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Multi-cap funds: unintended consequences

Investors who depend on multi-cap funds can now hope for some further adjustment in the regulations that will give them an option

Multi-cap funds: unintended consequences

The saga of SEBI drastically changing the nature of multicap funds has moved forward another couple of steps. For all of us who invest in these funds, there are going to be some drastic changes. Based on what SEBI has formally announced so far, this very useful category is on the way out. Not only that, unless some new category is created, there will not be any way for savers to invest in a mutual fund that gives them a balanced exposure to small, mid and large cap stocks. In theory, the new regulations do that but in practice, they will end up emptying out the category. There's some indication that some more changes are on the way, but more on that later.

The saga began two weeks ago when a new rule was brought in that specified that by January 31, multi-cap funds should have at least 25 percent of their assets each in large-, mid- and small-cap stocks so that they become 'true to label'. As I'd pointed out then, SEBI's own definition of large, mid and small caps shows that the 25 per cent limits will lead to a drastic over-representation of mid- and small-cap companies in multi-cap funds. If you apply SEBI's own definition to the equity market, then 74.1 per cent of the market's value is in large caps, 15.6 per cent in mid caps and the remaining 11.3 per cent in small caps.

If applied, the 25 per cent limits would lead to multi-cap funds that are essentially mid- and small-cap funds, bringing with them all the volatility that implies. However, anyone who knows the size, liquidity and depth of India's market for small-cap stocks would know that there is literally no way for these percentages to be put into practice in all but the tiniest of funds. In practice, AMCs which run such funds would either merge them with large-cap funds or convert them into other types of funds.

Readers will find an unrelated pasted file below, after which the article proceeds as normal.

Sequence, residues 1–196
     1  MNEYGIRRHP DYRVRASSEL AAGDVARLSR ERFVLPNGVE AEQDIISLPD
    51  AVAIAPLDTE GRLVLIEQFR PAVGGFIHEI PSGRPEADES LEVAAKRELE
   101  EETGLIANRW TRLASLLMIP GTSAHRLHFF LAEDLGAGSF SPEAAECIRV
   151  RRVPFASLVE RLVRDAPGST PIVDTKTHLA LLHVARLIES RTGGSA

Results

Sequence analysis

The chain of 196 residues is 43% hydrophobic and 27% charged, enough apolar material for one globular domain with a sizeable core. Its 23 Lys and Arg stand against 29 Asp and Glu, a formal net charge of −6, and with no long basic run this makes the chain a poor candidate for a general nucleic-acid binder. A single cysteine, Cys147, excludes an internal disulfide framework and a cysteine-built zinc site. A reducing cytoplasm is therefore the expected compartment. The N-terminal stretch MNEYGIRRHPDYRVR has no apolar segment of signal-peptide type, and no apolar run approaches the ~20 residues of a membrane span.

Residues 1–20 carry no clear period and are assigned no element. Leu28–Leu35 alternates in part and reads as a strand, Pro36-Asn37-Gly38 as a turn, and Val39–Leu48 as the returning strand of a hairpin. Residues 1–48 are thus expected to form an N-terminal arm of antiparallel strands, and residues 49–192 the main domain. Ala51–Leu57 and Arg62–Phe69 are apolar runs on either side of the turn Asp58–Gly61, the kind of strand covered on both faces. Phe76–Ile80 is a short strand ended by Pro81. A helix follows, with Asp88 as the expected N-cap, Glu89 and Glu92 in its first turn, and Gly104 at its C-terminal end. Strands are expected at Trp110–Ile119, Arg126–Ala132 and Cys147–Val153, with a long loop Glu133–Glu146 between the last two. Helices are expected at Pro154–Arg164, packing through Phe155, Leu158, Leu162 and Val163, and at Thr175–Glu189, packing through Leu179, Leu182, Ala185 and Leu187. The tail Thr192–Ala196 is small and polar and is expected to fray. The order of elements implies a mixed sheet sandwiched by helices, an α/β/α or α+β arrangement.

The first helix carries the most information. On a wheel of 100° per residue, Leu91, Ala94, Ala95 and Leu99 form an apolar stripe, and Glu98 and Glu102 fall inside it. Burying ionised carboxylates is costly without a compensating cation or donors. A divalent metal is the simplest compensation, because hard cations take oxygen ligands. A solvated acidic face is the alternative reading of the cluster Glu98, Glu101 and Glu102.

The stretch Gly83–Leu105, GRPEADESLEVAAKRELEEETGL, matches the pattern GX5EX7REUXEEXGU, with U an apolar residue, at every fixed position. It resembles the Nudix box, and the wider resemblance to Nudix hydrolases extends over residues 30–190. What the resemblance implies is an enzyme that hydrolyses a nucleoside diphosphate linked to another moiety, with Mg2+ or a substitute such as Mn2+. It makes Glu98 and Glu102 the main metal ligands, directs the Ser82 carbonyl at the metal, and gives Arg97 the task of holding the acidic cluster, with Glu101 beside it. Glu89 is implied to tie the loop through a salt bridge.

This would be hugely disruptive for investors. At Value Research, multi-cap funds have always been our favourites. I have always promoted them as the ideal choice for investors who are just starting off as providing the best of all worlds. This is based on my conviction that while large caps should be the bedrock of any equity fund investment, a judicious amount of mid and small caps are necessary. With multi caps, this judiciousness is implemented by the fund manager. One the other hand, once SEBI's new rule eliminates multi caps, it would have to be implemented by the investor. Needless to say, few fund investors are equipped to do so, hence my disquiet at this new rule.

However, over the last few days, there is some glimmer of hope that the regulator is considering these second-order effects that its new rule is likely to have. On the 22nd, while addressing an AGM of fund industry association AMFI, SEBI Chairman Ajay Tyagi said, "It is not the intention of the regulator to force the industry to invest in anything. In this regard, AMFI has made its representation which is being examined actively, and the announcement would be made soon."

A possible outcome is the creation of a new category that would essentially be a flexible version of multi-cap, a 'flexi-cap'. Such a category would be leave fund managers independent to choose how much they would like to invest in each type of asset. Basically, it would be multi cap under a new name. If such a thing happens then many current multi-cap funds would shift to flexi-cap and we would basically have the status quo under a new nomenclature.

One interesting point to note is that functionally, we actually do have a flexi-cap category right now. This is the ELSS (tax-saving) category. The category may have a three-year lock-in because of the tax laws but from an investment perspective it's actually flexi-cap! Once the rules stabilise, I'll write another column with the exact route that multi-cap investors should take. For now, it does look like some suitable alternative will work out.